Dear Paul Ojewoye, College is more intense compare to high school. There is a lot more work and stress. To be success you have to be more persistent, focus and discipline. Do not let all the circumstances in life and college put you down. Just constantly work hard using a time table to manage so much work in so little time. It?s also important to have a little fun by going to the gym, playing ball and pool, but do not get carried away, it will put you off track. Having fun helps relief stress and breaks the routine of just lectures and studying all the time. Another important thing is find a tutor for all your classes. Even though, you may think you do not need tutoring it helps to have something to fall back on if the class does go smoothly. Try to study with people who have good study habits and work hard. It is kind of contagious to study if you are around people who are very focus. They will inspire you to study. Finally, stay with RISE and SSSP. The programs give you many advices that are advantageous to follow. Sincerely, College Paul Ojewoye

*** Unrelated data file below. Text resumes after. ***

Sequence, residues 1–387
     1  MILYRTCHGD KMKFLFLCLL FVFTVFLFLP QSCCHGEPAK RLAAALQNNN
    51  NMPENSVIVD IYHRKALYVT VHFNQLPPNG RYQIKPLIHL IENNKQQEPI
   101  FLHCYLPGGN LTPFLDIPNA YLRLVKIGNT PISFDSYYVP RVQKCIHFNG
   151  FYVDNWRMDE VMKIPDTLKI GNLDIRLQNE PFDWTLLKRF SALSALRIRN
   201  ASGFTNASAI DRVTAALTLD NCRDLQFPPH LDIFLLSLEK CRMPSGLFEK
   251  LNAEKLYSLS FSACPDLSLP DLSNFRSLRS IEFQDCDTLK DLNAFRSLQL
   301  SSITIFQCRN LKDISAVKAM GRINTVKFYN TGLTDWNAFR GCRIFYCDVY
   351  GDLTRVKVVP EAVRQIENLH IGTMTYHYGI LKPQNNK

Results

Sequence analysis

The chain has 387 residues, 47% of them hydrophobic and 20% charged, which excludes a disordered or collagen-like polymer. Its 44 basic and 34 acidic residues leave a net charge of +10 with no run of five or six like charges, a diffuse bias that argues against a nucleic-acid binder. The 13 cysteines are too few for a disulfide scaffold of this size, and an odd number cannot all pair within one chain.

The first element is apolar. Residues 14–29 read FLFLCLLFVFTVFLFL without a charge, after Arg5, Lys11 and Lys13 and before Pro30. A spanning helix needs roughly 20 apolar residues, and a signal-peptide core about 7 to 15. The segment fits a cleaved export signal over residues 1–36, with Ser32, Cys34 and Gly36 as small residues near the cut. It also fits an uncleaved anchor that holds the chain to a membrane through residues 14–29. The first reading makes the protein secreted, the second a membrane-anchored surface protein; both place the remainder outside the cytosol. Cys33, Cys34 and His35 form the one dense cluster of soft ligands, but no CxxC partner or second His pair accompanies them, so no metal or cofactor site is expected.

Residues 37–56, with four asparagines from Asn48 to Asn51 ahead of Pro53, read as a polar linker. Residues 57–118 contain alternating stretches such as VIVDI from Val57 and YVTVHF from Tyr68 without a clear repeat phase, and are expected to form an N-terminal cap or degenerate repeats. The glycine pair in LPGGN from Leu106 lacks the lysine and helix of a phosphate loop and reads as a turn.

If presented with the opportunity to return to my high school self. I would seize more opportunities. I would ask more questions, in my current courses I realize that asking the proper questions is essential to gaining knowledge. In high school I never told people my problems and concerns, but since being in college and having been encouraged to talk to my professors and mentors, I have received great advice, so that I can excel, without going through the same challenges they went through. Currently, I am still learning how not to procrastinate. The times that I do not procrastinate I love it, I have more time on my hands, I feel more productive, and my work is of better quality because I have time to review it. Last semester I did not receive the dean?s list, and was disappointed. I gathered myself, and reviewed what I did well and could do better, and improved my study skills and time management in order to do better next semester. I wished I would have applied myself with such diligence in high school, in that way I would have better study habits and could have made the dean?s list earlier.